Published: June 9, 2018

How It Felt To Book Delaware's First Sports Bet

How It Felt To Book Delaware's First Sports Bet On Tuesday, a lifelong Philly sports fan placed a $10 bet on the Phillies to beat the Cubs. Why is this newsworthy? Because the fan placing the bet was Delaware was the state’s governor, John Carney, and when he made that wager at Dover Downs racetrack and casino, he was placing the first legal single-game sports bet outside of Nevada. And, it turns out, one of the people behind that bet has a long personal history with Dover Downs.

Governor Carney’s bet came just over three weeks after the Supreme Court struck down 1992’s Professional and Amateur Sports Provision Act (PASPA), which made it illegal for states that did not already have sports wagering to license and regulate it, effectively closing the door to the expansion of sports betting outside of Nevada.

In the wake of PASPA’s repeal, many states have made their intentions to start taking legal bets clear. But Delaware was the first to act on its intentions. But it’s been a long struggle to taking that first bet, something that William Hill US CEO Joe Asher, who started in the betting business at Wilmington’s Brandywine Raceway at the age of 16, knows better than anybody.

Asher worked in and around the racing industry from that time on, working at tracks throughout the Northeast. Among his accolades: Becoming the youngest track announcer in North America when he called the races at Dover Downs as a teenager. Asher paid his way through the University of Delaware by writing about racing and betting for the Wilmington News-Journal and a few magazines. He then graduated from Delaware Law School of Widener University, magna cum laude, and clerked with the Delaware Supreme Court.

Working for a law firm, Asher realized that his heart wasn’t in the law.

“I’d come home from work, and instead of studying the latest Supreme Court decisions, I’d read the Daily Racing Form,” he says.

So he left the firm for a job with a client who was developing a betting-related service, which entailed him moving to Las Vegas. After leaving that company, Asher decided to start his own sports betting provider in 2008. He named it Brandywine Bookmaking, after the place where he broke into the industry and received his early education.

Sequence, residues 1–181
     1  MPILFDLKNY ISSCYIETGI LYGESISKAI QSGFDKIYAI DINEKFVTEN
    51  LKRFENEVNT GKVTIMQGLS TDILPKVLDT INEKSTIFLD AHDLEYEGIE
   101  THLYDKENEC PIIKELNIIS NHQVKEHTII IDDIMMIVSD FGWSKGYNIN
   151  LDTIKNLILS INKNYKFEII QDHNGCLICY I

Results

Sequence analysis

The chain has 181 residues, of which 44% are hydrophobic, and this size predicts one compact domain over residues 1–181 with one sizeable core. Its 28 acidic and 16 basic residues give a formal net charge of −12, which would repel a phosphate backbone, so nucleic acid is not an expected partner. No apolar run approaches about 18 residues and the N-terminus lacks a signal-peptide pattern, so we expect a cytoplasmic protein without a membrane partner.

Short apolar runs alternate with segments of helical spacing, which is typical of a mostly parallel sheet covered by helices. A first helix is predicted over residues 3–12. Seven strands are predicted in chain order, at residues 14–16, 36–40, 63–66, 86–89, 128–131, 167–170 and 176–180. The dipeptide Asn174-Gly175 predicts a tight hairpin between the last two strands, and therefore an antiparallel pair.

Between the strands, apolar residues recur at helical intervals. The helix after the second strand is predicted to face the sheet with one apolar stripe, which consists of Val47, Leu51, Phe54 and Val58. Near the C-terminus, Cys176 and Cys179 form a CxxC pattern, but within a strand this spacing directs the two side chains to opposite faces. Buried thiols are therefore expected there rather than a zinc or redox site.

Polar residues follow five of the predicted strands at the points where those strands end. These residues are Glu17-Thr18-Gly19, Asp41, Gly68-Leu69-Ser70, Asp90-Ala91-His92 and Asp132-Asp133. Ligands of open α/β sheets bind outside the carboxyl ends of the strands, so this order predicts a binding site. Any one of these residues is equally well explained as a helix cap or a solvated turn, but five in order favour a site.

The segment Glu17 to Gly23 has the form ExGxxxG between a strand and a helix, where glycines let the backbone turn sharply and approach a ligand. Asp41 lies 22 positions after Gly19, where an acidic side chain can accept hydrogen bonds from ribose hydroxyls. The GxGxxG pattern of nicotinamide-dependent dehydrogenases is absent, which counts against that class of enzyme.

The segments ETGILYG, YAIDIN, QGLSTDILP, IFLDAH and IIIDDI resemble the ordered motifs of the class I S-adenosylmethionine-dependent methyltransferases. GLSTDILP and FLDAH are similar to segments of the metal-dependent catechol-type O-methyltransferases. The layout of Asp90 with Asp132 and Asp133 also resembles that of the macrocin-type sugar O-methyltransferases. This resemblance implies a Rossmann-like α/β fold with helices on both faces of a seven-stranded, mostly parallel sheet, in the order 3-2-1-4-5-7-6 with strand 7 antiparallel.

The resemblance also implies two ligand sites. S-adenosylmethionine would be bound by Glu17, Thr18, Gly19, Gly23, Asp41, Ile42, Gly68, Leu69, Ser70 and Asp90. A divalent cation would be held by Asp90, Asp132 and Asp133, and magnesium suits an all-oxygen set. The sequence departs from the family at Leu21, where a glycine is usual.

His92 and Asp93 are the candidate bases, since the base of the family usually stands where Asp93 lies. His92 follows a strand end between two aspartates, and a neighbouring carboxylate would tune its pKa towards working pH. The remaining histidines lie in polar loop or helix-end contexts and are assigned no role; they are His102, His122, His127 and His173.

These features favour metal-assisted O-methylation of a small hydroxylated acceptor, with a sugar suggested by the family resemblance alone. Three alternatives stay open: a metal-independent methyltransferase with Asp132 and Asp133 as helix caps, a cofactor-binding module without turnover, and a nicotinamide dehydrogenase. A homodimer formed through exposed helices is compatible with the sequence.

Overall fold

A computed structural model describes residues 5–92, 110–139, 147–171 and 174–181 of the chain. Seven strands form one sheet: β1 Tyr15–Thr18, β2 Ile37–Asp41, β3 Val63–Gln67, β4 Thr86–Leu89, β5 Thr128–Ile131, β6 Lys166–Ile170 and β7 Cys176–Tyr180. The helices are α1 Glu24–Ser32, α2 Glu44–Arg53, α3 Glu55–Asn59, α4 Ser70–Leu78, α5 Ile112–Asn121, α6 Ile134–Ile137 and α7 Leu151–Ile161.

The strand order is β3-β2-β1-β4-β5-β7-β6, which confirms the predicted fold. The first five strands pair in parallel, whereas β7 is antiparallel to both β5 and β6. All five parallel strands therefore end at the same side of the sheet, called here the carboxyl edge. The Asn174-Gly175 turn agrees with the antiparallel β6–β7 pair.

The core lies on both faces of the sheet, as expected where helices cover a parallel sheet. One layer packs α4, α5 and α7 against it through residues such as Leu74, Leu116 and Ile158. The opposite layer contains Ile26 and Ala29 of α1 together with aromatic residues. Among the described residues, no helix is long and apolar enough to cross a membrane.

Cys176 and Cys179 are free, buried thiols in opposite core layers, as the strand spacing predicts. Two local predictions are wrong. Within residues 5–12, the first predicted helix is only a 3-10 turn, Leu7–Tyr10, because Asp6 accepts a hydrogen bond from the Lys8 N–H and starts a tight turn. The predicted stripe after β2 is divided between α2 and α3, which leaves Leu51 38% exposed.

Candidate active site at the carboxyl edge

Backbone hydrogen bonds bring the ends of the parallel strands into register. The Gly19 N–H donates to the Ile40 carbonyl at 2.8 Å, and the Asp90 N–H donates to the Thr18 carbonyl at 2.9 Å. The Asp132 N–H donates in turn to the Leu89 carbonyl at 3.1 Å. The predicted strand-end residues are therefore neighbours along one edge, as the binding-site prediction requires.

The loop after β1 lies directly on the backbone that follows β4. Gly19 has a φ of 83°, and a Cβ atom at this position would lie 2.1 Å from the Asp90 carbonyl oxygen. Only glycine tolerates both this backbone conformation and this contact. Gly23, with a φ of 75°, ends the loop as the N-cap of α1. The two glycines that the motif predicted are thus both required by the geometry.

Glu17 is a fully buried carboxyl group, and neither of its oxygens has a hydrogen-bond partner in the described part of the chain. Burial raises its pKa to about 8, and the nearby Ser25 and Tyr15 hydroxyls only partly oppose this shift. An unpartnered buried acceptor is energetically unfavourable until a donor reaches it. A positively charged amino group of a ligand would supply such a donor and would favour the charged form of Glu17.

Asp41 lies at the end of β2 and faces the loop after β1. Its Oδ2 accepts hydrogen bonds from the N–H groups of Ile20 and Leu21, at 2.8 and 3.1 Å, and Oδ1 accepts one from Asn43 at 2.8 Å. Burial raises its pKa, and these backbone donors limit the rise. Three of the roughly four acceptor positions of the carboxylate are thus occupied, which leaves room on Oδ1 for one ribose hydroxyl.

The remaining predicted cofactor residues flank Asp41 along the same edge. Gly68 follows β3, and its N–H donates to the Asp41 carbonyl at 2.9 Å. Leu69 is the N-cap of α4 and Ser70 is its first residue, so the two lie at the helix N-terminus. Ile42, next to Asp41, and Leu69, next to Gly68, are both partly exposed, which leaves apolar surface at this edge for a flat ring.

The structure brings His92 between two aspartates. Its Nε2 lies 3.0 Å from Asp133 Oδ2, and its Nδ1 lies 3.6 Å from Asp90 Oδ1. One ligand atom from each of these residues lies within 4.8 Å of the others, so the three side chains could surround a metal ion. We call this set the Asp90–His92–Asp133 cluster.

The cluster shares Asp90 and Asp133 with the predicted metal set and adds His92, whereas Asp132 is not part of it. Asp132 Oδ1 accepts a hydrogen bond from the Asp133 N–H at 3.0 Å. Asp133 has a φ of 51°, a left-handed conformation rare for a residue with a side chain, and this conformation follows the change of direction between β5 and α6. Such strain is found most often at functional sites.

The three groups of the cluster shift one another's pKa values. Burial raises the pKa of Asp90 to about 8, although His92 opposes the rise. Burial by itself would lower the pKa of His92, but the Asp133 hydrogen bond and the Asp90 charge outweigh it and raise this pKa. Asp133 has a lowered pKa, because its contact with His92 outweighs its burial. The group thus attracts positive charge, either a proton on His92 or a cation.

“This was something I’d been passionate about since my youth,” Asher explains. “I felt that I understood what the customer would want because I had been on both sides of the counter.” The company specialized in operating sportsbooks for casinos that didn’t want the hassle of doing it themselves. By 2011, Asher and his all-star team were running 16 sports books across the state.

Asher’s aspirations received a boost in 2012, when the London-based William Hill acquired Brandywine Bookmaking as part of a Nevada buying spree. The company also bought Club Cal Neva sports book and American Wagering, which ran the Leroy’s franchise of sports books. The acquisitions made it a dominant player in Nevada. The company tabbed Asher to helm its American operations. Today, he oversees the company’s 100+ Nevada sportsbooks and its developments in other states which, since the PASPA repeal, have become a good deal more active. The giant British bookmaker placed a bet on American sports betting expansion six years ago, and that bet seems to be paying off now.

William Hill is the “exclusive risk manager” for Delaware’s sports lottery, which means it sets the odds and acts as bookmaker for the state. The casinos themselves employ the ticket writers and other on-site personnel. Though he didn’t write the ticket, that first bet would not have happened without Asher and his team.

Three weeks from Supreme Court decision to open betting windows might seem speedy, but Carney’s bet was, for Delaware, nine years late. In 2009, the state first approved sports betting. Delaware’s lottery had run a football parlay game in 1976, which, the state argued, qualified it for a PASPA carve-out. A federal court, however, found Delaware’s planned sports betting violated PASPA and restricted the state to accepting only parlay wagers, which are bets on the results of three or more games.

Just before the governor placed his historic wager, Asher contemplated just how far he—and Delaware—had come.

“There’s a feeling of satisfaction since we were planning to take all types of bets back in 2009 before that was stopped by the Third Circuit Court of Appeals due to litigation brought by the sports leagues," Asher says. "But better late than never.”

The homecoming was the highlight of a busy week for Asher and William Hill.

“On Monday,” Asher says, “I went to Atlantic City to check progress at the Ocean Resort and to Monmouth Park to review what’s happening there.” William Hill will be running the sport books at both the soon-to-open Atlantic City casino (which previously operated as Revel before its 2014 closure, and the North Jersey racetrack.

“It was great to see the newly hired employees training for their new jobs at Monmouth as well as a number of our colleagues from Nevada there helping them learn what to do,” Asher says. “Creating jobs for people, which will help them and their families have a better life, is immensely rewarding and one of the clear benefits of the Supreme Court’s decision.”

Individual sports bettors may win or lose, but with PASPA struck down, the expansion of legal sports betting is gambling’s next frontier as states rush to join Delaware in permitting legal wagers on sporting events.

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